Teaching of public health in Indian medical colleges: Guest blogger Dr. Kiran Kumbhar

Most medical undergraduate students in India rate PSM (Preventive and Social Medicine) as the most tedious subject in the curriculum; the ennui being exacerbated by, with all due respect to the writers of Park’s, the monotonous nature of the subject’s premier textbook. I believe that public health is such a wonderful subject that a student, on getting their first copy of Park’s, must be at least as excited as they are on touching their first shimmering Harrison’s. It seems an impossible dream for now. There are several issues troubling public health education in India, as are there infinite problems plaguing the public health system itself. Authorities from the PSM/SPM departments of all medical colleges must seriously ruminate and find ways to attract bright and enthusiastic minds to their PG courses, rather than the generally fatigued, desperate, and choiceless ones they manage to induct now. Public health (PH) is getting more and more important in an ever-shrinking world, and is going to require lots of musketeers in the near future. The endemic apathy of students towards the subject thus needs to be addressed urgently and solutions need to be devised. We can very well start with standardizing the name for the subject – ‘Public Health’ I'd propose -- rather than scaring away already dispassionate students with many different names (PSM, SPM, CFM, Community Medicine, etc.) Other arch subjects like Medicine, Surgery, Obstetrics do not boast of such a fancy versatility of monikers; why should Public Health?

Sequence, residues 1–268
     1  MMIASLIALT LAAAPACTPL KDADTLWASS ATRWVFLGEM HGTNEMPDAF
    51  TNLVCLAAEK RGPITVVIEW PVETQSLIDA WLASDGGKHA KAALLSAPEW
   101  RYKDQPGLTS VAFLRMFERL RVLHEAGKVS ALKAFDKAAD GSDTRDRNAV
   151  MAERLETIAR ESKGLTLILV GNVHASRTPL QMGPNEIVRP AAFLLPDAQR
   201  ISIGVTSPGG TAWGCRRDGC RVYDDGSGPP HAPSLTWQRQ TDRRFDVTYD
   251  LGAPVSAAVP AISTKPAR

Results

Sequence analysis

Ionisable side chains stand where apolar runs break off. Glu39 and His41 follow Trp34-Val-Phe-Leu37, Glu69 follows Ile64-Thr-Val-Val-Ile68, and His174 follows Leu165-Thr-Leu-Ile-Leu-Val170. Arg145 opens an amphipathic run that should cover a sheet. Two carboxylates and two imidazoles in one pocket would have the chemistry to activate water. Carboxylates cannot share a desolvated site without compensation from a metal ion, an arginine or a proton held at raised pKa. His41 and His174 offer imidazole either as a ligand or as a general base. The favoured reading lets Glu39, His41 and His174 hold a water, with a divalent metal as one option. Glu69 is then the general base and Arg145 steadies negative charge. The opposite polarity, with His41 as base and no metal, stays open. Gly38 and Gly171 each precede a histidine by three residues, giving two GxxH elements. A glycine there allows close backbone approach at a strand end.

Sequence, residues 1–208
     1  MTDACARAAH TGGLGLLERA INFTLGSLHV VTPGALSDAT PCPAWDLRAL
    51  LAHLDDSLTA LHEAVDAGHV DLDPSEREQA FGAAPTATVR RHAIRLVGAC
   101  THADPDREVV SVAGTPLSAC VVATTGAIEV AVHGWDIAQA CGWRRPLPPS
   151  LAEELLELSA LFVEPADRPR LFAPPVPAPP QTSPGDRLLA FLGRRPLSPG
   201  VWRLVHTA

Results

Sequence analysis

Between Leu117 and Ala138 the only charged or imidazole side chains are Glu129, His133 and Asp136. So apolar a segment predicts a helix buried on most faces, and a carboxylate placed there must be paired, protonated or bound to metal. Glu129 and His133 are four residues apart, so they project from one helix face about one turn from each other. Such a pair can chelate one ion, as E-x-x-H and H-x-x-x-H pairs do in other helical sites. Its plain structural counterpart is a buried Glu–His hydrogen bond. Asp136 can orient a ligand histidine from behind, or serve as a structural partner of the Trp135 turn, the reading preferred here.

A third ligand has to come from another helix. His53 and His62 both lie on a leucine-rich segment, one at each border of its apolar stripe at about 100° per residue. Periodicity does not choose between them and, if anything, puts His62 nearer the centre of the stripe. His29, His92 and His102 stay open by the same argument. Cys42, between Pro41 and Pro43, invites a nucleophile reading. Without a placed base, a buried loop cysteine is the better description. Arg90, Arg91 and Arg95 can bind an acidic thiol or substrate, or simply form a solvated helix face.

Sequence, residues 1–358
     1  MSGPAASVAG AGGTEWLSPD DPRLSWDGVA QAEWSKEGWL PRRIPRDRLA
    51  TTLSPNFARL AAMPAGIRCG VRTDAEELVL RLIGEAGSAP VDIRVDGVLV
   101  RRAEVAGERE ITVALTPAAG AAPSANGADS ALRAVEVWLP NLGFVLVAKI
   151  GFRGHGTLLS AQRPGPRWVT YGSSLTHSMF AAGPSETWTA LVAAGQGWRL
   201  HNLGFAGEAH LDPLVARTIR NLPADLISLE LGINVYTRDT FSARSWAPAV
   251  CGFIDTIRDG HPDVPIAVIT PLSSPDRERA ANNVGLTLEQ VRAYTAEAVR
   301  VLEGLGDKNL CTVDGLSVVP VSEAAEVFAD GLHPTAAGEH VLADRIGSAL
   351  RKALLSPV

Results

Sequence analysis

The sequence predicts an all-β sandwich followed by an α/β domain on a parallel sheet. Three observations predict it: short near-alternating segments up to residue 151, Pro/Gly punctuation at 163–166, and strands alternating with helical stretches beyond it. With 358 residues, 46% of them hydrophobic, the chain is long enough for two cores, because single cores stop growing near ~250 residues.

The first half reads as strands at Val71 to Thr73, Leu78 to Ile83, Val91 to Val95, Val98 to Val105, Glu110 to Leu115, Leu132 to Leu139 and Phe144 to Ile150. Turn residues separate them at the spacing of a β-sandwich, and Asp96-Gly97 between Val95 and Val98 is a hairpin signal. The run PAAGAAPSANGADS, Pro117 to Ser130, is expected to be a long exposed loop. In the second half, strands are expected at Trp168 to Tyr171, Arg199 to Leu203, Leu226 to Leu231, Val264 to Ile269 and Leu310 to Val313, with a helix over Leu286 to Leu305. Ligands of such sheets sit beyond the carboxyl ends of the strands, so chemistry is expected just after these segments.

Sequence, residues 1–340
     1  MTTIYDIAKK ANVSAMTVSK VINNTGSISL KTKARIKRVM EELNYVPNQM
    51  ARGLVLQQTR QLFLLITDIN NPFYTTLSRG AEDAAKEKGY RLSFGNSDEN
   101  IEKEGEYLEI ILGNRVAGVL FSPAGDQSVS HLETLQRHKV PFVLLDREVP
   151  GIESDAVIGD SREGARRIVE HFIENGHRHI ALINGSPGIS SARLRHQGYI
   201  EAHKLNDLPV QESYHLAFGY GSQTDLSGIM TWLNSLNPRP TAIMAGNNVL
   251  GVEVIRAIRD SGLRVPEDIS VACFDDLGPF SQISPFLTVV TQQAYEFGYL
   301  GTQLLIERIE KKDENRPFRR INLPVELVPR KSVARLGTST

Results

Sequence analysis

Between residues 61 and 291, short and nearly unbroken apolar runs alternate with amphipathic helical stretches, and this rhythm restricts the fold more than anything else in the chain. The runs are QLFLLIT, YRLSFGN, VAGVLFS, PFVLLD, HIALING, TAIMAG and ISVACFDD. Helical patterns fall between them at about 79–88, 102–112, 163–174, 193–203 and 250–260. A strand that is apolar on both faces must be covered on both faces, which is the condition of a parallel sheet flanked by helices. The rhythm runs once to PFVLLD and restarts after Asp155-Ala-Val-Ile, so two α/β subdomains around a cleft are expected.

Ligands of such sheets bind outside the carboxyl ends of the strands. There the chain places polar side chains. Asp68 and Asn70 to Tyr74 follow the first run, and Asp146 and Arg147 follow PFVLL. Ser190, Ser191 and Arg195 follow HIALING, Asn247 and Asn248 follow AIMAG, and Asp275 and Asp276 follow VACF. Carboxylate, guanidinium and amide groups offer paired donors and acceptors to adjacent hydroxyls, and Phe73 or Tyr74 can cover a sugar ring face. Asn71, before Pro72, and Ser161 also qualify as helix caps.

A subject is as good as its teacher. We need energetic, knowledgeable tutors for Public Health: doctors who will speak effusively and passionately about, say, John Snow and how he helped arrest a cholera rampage in 1854 London through common sense; or about the wonderful public experiments on vaccination of the great Louis Pasteur. Rather what students generally get is a lecturer who mostly prates on about elephantine definitions or unending lists of numbers (birth rates, mortality rates etc.). Public Health is so much about stories and people, just like History, and interestingly both of these beautiful subjects are disserved by teachers who concentrate more on numbers (rates in PH and dates in History). For example...

Log in or register for free to continue reading
Register Now For Free Already Registered? Log In
This entry was posted in Blog, Primary Care and tagged . Volume: .